Karen Gover

Karen Gover teaches philosophy at Bennington College, Vermont, with areas of specialization in Continental philosophy, Aesthetics, and Ancient Greek philosophy. She studied English and Philosophy with honors at the University of Richmond, and received her PhD from Penn State University with a dissertation on Heidegger and Greek Tragedy. She has published scholarly articles in International Philosophical Quarterly, the Journal of the British Society for Phenomenology, the Journal of Aesthetics and Art Criticism, and the Journal of Aesthetic Education.

Gover is the recipient of a grant from the German Academic Exchange service, she was a fellow at Williams College's Oakley Center for the Humanities, and she is the 2011 recipient of the John Fisher Memorial Prize in Aesthetics.

Her art criticism has appeared in Sculpture Magazine, Ceramics: Art and Perception, and artcritical.


More Articles by Karen Gover


Anthony Caro, End Up, 2010. Steel rusted, cast iron and jarrah wood.?The artist, courtesy of Mitchell-Innes & Nash, New York. Photograph: The Metropolitan Museum of Art/Wilson Santiago

Sir Anthony Caro: 1924-2013

Thursday, October 24th, 2013

by way of tribute to the British sculptor who died today, a review from 2011


Christopher Kurtz, Litany, 2012. Bent and hand-carved maple, oak, cedar, and paint, 64 x 156 x 60 inches. Courtesy of Tomlinson Kong Contemporary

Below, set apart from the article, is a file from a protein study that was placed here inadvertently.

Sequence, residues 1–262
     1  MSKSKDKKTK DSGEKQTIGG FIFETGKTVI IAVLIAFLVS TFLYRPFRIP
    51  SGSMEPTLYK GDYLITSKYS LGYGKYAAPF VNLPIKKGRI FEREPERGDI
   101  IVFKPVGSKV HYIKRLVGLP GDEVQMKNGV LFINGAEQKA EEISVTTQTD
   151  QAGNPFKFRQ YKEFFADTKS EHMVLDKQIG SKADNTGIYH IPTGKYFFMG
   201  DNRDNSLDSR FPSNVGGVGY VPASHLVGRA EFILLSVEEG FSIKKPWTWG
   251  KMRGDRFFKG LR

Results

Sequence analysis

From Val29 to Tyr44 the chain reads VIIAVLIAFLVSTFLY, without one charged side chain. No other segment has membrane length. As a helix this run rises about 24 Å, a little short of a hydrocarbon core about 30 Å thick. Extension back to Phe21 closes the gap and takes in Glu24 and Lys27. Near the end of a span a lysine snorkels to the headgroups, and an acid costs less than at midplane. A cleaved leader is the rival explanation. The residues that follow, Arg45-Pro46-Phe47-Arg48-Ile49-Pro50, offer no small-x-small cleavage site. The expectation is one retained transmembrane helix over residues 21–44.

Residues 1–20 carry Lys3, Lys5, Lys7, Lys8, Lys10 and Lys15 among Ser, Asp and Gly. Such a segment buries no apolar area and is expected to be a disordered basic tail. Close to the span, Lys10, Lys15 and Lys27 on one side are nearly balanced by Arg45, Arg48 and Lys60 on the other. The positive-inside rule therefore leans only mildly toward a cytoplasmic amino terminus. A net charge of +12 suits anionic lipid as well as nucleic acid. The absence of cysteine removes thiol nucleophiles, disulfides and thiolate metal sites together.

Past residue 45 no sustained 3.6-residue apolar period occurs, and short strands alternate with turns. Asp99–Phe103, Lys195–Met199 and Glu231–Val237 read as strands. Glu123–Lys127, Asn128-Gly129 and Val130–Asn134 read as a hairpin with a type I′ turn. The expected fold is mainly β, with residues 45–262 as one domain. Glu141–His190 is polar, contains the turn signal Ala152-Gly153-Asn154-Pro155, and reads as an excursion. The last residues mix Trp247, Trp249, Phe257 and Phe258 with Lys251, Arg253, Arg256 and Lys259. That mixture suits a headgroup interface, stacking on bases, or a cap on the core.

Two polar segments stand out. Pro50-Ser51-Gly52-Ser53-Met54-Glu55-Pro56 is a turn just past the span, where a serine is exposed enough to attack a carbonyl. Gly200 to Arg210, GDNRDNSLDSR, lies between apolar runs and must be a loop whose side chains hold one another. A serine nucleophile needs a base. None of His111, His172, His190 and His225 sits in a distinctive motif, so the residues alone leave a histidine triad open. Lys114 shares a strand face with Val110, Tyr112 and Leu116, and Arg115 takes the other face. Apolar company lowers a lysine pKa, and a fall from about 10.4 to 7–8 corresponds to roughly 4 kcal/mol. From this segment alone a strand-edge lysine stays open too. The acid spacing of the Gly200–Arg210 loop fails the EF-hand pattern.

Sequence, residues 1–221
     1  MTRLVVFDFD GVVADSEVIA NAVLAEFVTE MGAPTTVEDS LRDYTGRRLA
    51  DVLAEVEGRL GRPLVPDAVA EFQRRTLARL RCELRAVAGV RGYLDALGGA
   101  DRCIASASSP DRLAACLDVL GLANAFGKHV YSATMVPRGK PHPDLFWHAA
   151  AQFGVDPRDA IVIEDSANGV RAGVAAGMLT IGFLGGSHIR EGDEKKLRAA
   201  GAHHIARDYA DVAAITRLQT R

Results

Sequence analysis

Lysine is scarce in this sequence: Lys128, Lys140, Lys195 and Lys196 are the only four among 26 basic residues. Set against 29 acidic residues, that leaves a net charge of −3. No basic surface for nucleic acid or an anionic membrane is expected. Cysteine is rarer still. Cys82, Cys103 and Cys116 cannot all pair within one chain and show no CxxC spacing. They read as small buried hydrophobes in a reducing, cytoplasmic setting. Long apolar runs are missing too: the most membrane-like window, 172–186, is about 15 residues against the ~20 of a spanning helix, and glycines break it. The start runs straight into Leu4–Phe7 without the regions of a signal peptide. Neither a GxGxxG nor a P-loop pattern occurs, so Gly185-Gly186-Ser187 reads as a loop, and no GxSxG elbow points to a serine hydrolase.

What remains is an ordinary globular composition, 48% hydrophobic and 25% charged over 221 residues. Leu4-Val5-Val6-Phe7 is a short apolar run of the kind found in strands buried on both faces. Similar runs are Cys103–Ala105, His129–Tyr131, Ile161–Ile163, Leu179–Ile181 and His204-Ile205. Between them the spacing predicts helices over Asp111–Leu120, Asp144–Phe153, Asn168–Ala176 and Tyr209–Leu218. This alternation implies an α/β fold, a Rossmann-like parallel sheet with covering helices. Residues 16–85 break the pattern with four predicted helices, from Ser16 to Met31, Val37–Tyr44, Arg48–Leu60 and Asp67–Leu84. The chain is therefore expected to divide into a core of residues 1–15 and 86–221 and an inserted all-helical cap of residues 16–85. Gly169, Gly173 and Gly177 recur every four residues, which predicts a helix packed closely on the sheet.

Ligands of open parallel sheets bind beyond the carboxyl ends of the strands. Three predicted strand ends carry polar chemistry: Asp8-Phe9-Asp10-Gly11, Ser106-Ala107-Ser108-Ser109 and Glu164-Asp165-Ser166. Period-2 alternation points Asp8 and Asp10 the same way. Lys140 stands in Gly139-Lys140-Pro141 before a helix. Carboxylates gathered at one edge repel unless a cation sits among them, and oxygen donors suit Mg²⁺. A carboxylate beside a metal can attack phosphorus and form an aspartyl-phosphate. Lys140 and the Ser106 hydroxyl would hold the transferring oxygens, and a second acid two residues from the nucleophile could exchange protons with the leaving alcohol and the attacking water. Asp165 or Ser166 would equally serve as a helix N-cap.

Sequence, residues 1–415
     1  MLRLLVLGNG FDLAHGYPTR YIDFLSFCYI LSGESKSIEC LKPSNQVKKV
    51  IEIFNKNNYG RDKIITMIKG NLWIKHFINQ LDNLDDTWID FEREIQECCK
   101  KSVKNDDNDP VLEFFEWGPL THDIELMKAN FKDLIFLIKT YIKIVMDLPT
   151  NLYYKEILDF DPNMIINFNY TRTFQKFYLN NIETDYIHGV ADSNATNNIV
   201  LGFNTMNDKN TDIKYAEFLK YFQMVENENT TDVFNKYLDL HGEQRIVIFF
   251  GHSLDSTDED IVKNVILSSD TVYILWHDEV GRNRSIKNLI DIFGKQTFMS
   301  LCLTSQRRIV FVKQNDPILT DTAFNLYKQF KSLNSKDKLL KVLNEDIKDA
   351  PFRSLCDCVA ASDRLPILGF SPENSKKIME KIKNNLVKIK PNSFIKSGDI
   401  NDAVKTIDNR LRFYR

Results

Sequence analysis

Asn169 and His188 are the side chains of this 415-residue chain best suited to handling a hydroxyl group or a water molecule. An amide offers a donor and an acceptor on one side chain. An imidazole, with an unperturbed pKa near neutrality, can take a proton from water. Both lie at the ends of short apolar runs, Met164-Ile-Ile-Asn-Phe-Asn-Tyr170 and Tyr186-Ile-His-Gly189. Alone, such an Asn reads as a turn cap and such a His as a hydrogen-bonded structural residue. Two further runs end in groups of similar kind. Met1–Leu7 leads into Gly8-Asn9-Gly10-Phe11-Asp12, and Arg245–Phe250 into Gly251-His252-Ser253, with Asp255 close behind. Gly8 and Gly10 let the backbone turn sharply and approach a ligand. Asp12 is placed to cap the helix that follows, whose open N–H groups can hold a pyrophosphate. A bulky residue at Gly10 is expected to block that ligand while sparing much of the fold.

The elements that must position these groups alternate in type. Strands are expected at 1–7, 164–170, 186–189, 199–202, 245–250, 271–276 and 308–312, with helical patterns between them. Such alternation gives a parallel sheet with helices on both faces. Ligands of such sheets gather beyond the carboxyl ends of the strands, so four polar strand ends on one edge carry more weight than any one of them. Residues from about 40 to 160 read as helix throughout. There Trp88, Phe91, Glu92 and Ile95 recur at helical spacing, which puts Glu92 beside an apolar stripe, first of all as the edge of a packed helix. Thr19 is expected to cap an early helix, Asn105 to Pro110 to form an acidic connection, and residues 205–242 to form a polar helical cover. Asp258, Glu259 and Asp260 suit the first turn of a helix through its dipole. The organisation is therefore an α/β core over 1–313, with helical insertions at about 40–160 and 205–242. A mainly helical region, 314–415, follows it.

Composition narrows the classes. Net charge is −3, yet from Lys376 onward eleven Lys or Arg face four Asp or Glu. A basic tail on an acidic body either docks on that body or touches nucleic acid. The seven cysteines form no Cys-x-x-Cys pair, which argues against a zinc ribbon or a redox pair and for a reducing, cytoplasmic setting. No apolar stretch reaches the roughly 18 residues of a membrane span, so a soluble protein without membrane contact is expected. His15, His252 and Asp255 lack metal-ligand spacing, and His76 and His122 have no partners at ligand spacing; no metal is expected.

Carpentry at the Service of Art: Christopher Kurtz at Tomlinson Kong

Tuesday, September 4th, 2012

Four-piece sculpture show runs on Bowery through September 8


Richard Smith, Double Box, 2010. Acrylic on canvas, 36 x 76 inches, diptych. Courtesy of Flowers Gallery

Richard Smith at Flowers New York

Friday, April 2nd, 2010

Richard Smith is best known for the synthesis of two seemingly antithetical movements: Pop Art and Abstract Expressionism.


Erick Johnson, Smiles of a Summer Night 2009. Oil on canvas, 16 x 20 inches. Courtesy of Heskin Contemporary.

Erick Johnson Parallelogram Paintings at Heskin Contemporary

Tuesday, February 2nd, 2010

Once the complexity of the paintings’ under-layers have revealed themselves, we are in a position to appreciate the way in which these paintings offer up to us a visual metaphor of their own making.


Jack Pierson Her ancient solitary reign 2009. Metal, wood and plastic, 109 x 129 x 4-3/4 inches. Cover NOVEMBER 2009 ABSTRACT #10 2008. Metal and paint, 43 x 68 x 48 inches. Courtesy Cheim & Read.

Jack Pierson at Cheim & Read

Tuesday, November 3rd, 2009

We wonder what these signs used to say when they were part of something bigger—a word, a world.


Nanon 2009. Reinforced clay on paintied MDF plinth, 73 x 33-1/2 x 25-3/4 inches. Courtesy Matthew Marks Gallery

Rebecca Warren: Feelings at Matthew Marks Gallery

Saturday, October 24th, 2009

She seems to be simultaneously poking fun at tradition and at the same time leveling a serious challenge against it, all the while acknowledging that she cannot simply reject her artistic heritage.